Category Archives: Fruit

Going Bananas For Banana Polenta Upside Down Cake

Move over, banana bread. Make way for banana upside down cake.

Move over, banana bread. Make way for banana upside down cake.

 

There’s no denying banana bread is so comforting, so nostalgic, and so easy to make.

But I think it’s high-time to branch out of that ol’ banana rut.

It’s time to flip things around. Upside down to be precise.

As in “Banana Polenta Upside Down Cake.”

This delightful recipe is from “Vanilla Table” (Jacqui Small LLP) by Natasha Macaller, a pastry chef and restaurant consultant who splits her time between London, Los Angeles and New Zealand.

As the name implies, this cookbook, of which I received a review copy, showcases vanilla in every recipe, both savory and sweet.

VanillaTable

If you’ve ever accidentally left out vanilla extract from a cookie recipe — ahem, yes, I have so blundered on one occasion — you know exactly how flat tasting it ends up. Vanilla adds an unmistakable lovely, natural sweetness to anything it touches.

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Sacramento — America’s Farm-To-Fork-Capital

Chef Ravin Patel holds cute little mason jars of baby root veggies in edible "soil.''

Chef Ravin Patel holds cute little mason jars of baby root veggies in edible “soil.”

 

When one thinks of California’s top food cities, San Francisco and Los Angeles come to mind immediately.

As for Sacramento? Not nearly so readily.

In fact, a publicist for the Sacramento Convention & Visitors Bureau told me that when arranging a tour recently for an out-of-state food writer, the visiting scribe’s first question was, “Is there an airport there?”

Why, yes, there is. It is the Golden State’s capitol, after all.

Indeed, Sacramento is home to nearly half a million people, as well as 1.5 million acres of farmland. With a year-round growing season, it produces more than 120 different crops that are enjoyed not only locally but abroad.

It grows more sushi rice than any other place. In fact, chances are if you eat any sushi in California, the rice was grown in Sacramento. The city produces 80 percent of the nation’s caviar. The breadth of the bounty includes everything from almonds to Kobe beef to wine grapes.

The fork in Farm-To-Fork.

The fork in Farm-To-Fork.

Even the table was decorated with freshly grown provisions from Sacramento.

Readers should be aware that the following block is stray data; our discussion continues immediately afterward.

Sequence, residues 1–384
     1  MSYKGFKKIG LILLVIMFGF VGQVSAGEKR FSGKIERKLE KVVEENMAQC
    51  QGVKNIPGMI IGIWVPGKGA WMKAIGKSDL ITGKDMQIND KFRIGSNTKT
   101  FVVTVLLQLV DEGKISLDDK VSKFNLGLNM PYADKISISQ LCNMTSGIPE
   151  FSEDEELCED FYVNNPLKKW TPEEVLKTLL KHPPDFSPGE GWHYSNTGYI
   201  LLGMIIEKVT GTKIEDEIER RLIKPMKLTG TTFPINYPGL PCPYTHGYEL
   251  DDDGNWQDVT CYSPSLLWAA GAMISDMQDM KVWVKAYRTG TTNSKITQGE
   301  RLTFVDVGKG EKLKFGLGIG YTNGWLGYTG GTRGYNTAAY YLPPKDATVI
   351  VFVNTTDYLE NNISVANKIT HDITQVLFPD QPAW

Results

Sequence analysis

Even the table was decorated with freshly grown provisions from Sacramento.

I was reminded of just how crucial Sacramento is to our plates when I attended a special private dinner last week in San Francisco that spotlighted the city’s culinary treasures. It was a Sacramento roadshow, as Executive Chef Oliver Ridgeway of Grange Restaurant & Bar and Chef Ravin Patel, chief culinary officer of Selland Family Restaurants, trekked down from Sacramento to EatWith’s South of Market event space in San Francisco to prepare a multi-course feast for a dozen food journalists and bloggers. All of it featured fruits, vegetables, meats and seafood sourced from Sacramento.

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Introducing a Revolutionary New Product — Coffee Flour

Get to know Coffee Flour, an intriguing new product you're going to be seeing a lot of.

Get to know Coffee Flour, an intriguing new product you’re going to be seeing a lot of.

 

Did you know that for every pound of coffee beans produced, there’s nearly an equal amount of waste created?

Coffee Flour aims to tackle that immense problem. It is the first company to dry and finely mill that pulp waste on a large scale to create a type of flour that has five times the fiber of whole wheat flour and more iron than any other grain.

Surprisingly enough, the resulting flour tastes nothing like coffee, either. Instead, the gluten-free coffee flour tastes heavily of citrus and cherry.

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I Think I Can, I Think I Can (Plus A Food Gal Giveaway)

My former nemesis, now my sweet friend.

My former nemesis, now my sweet friend.

 

For years, I’ve suffered from a malady.

One that I’ve shamefully hidden, glossed over and tried to ignore.

You see, I am a can-o-phobe.

There, I said it.

I am one who has never canned.

Oh sure, I’ve made jam. And I’ve made pickles. But all ones that could be easily stored in the refrigerator or freezer.

Petrified that I’d end up killing friends and family (or at least making them deathly ill), I’d never had the nerve to water process the jars to attempt to make them shelf-stable instead.

Until now.

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Strawberry Tabbouleh — It’s A Thing

Tabbouleh -- with strawberries. And you will love it.

Tabbouleh — with strawberries. And you will love it.

Who put strawberries in my tabbouleh?

Food blogger Sara Forte, that’s who.

And I’m grateful that she did.

I love tabbouleh, but I don’t think I would have ever thought to substitute fresh strawberries for the usual tomatoes in it.

The recipe for “Strawberry Tabbouleh” is from her new cookbook, “The Sprouted Kitchen Bowl + Spoon” (Ten Speed Press), of which I received a review copy.

Forte of Southern California is the creator of the beautiful blog, Sprouted Kitchen, which features photos by her husband, Hugh Forte. Her recipes are all about healthful, wholesome and seasonal.

SproutedKitchen

As the name implies, this book spotlights recipes that are typically served in one bowl such as “Pumpkin Pie Steel-Cut Oats,” “Herby Picnic Potato Salad,” and “Seared Scallops in Thai Broth.”

Her “Strawberry Tabbouleh” can be made with the traditional bulgur or quinoa for a gluten-free version.

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